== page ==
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ways be an effort to depart from righteousness, so at least it unquestionably is in every human being till a de liberate course of wickedness has sealed up to perdition by transmitting every temper into those of a fiend; and it is much to be questioned whether the great master of nature, who has ennobled our present theme in his immortal poem, did not strike the master-key of moral feeling when he represents the apostate fiend as planning the seduction of our hapless progenitors, but at the same time revolting from the idea of the havoc he was about to make, till he armed his resolution with suggestions false and feverish,
and with necessity “The tyrant's plea excused his devilish deed.” It was to a principle laudible and highly useful in itself he addressed his temptation in the case of Eve: it was through a feeling most amiable and of legitimate exercise be reached the better fortified resolutions-of Adam; and it was by giving way to feelings thus excited, that our unhap py parents fell.For fall they did from their high estate of innocence and happiness, into what depths of pollution and wretchedness let all the world declare!
The story of this disaster is both short and simple. Surrounded as they were with every bounty of nature and furnished with every facility for making the most of these advantages; under one of the finest climates and in one of the most favored spots of earth-as the earth then was, before the judgments of the Almighty scathed it; with paradise for their home, the wide world for their inheritance; their was but one slight check upon the freedom of their wills, one solitary prohibition which was to mark their subjection to the universal çuler and prove alike the test of their fealty and love. "Of all the trees of the
garden thou mayest freely eat; but of the tree of the knowledge of good and evil thou shalt not eat, for in the day that thou eatest thereof thou shalt surely die."
We are often asked by the captious or the confident why this prohibition of an indulgence in itself so very indifferent? And we are often compelled to listen to com plaints of the severity of the judgment that awarded perdition to man and desolation to the earth for so slight an offence as the eating of an apple. But with how much reason you yourselves shall judge. Nothing can be more plain than the Creator's right to assign to his creatures any particular grade in the scale of being, and any particular privileges in the rank allotted to them, which he himself sees fit. Nor can any just claim be advanced for our continued possession of any of these privileges, or even for the prolongation of existence longer than he sees proper. This much the creation has a right to claim, that there shall be freedom from suffering while there is freedom from sin; and that he who creates us with appetites and wants shall provide in sufficiency the means of their indulgence. Because to inflict pain on innocence would be of the essence of tyranny; to create beings with appetites but without the means of gratification, would be only another form of providing pang for innocence, it would be adding cruelty to tyranny.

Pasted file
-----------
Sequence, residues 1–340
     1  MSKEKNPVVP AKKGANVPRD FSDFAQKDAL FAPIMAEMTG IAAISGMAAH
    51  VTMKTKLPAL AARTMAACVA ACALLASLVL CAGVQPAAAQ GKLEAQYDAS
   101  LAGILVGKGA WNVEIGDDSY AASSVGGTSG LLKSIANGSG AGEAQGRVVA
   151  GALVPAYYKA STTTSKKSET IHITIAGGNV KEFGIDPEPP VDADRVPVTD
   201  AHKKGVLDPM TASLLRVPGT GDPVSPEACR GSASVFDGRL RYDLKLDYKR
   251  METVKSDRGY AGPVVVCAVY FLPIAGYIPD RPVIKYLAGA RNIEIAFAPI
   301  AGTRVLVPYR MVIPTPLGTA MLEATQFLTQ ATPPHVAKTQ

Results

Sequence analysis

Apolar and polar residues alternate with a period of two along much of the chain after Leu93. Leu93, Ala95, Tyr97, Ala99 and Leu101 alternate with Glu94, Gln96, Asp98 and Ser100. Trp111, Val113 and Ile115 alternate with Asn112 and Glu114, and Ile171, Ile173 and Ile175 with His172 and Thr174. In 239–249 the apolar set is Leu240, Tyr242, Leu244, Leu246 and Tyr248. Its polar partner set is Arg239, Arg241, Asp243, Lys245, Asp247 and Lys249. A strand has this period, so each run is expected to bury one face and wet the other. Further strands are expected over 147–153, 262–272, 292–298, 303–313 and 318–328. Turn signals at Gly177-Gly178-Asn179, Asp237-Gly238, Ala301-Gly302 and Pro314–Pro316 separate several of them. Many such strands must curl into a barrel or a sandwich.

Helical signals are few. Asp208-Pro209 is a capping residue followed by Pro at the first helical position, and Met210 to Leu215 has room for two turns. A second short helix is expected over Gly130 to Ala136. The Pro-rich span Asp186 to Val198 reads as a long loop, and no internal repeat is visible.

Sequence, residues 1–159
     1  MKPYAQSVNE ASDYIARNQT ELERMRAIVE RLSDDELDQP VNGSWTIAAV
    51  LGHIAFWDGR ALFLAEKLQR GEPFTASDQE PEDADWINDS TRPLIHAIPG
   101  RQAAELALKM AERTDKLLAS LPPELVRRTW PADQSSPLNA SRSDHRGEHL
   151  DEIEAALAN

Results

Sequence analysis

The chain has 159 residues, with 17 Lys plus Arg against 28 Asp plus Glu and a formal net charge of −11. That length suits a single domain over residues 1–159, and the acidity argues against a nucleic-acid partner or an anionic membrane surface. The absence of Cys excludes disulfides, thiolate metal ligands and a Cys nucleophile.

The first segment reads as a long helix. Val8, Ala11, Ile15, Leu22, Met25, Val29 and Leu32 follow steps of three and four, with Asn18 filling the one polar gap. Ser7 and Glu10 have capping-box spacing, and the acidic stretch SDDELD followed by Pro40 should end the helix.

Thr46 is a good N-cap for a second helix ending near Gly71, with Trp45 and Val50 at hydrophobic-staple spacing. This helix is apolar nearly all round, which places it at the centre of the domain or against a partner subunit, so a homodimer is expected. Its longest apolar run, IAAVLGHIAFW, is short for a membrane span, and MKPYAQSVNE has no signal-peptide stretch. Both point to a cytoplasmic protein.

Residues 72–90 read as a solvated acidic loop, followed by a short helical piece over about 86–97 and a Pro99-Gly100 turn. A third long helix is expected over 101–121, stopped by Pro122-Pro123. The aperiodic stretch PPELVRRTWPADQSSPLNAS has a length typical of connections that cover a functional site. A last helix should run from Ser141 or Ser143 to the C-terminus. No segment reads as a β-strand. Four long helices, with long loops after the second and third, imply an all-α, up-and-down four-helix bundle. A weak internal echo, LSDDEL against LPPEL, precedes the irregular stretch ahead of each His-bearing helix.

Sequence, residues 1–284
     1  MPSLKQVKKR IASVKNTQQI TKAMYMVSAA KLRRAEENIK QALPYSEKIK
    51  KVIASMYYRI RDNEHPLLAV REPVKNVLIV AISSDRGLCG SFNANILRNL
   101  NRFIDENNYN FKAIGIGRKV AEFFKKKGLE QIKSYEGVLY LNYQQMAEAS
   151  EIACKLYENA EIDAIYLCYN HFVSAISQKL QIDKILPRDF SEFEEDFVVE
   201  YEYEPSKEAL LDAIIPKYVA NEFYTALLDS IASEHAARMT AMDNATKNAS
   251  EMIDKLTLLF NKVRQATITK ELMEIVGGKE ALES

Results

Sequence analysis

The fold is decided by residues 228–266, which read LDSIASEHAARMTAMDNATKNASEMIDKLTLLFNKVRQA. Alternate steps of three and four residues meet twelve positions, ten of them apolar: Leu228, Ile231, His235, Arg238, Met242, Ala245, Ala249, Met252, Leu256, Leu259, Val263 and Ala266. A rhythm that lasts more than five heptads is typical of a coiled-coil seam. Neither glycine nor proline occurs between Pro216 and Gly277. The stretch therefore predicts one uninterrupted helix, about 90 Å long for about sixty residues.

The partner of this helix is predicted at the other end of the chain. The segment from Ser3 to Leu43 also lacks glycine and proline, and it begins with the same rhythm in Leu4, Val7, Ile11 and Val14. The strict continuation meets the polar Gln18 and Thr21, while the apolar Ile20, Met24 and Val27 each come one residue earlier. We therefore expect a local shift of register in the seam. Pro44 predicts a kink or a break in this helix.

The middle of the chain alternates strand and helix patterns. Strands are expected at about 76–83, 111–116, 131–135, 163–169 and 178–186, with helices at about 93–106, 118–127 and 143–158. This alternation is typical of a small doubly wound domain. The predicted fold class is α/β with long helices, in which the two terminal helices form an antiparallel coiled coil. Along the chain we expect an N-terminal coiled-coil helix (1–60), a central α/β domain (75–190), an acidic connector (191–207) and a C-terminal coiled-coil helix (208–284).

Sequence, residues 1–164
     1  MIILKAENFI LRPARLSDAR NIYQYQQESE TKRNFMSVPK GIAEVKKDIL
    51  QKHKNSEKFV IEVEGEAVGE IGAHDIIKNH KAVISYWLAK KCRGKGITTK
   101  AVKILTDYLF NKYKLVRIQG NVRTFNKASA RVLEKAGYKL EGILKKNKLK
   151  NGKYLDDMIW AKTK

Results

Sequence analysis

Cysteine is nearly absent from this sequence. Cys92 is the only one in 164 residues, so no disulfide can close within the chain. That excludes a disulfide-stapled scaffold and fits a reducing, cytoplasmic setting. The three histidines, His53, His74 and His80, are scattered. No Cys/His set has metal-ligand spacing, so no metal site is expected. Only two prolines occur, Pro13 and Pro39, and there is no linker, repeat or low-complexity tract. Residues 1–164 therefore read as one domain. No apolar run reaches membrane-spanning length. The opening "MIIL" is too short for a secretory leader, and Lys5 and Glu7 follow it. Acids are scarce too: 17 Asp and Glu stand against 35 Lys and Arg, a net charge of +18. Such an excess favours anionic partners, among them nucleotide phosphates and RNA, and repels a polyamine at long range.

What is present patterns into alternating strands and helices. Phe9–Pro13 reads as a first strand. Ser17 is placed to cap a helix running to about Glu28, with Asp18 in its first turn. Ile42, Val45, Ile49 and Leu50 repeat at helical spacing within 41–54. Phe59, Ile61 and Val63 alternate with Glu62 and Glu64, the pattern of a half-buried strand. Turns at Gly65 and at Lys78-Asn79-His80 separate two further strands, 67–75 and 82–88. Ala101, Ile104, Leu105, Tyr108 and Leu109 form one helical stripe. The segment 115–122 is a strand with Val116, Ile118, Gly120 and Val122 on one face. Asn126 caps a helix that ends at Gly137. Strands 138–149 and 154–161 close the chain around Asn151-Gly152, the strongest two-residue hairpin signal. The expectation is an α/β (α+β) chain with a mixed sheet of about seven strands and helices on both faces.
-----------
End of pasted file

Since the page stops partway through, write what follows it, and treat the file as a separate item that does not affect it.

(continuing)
So long then as man remained without a law, he would have had a right to the enjoyment placed within his reach; but he could have no right to plead the continuation of his happiness, or even of the existence on which it was engrafted. This security must be conveyed to him either by an absolute promise, which also guaranteed his innoconce; or it must be provided for by the provisions of a
covenant, on his adherence to which all his hopes were suspended.
It is sufficient for us to know that sovreignty and wisdom chose the latter course. Chose that man should make proof of bis obedience, should earn a just title to eternal hapu piness, then reap the blessing as a meed from justice. Now what kind of obedience.would be the best test of his devotion? obedience to the requisitions of the moral law? should he be tested by the commandment thou shalt not kill, thon shalt not bear false witness? Man was created in the image of his Maker: feelings of kindness were his natural feelings: to depart from the truth would require a strong and most unnatural effort. There could be no self-denial in abstaining from courses so opposite to the strong propensities of his being. There could be no kind of merit, no proof of bis allegiance in doing by commandment what he did by Dature.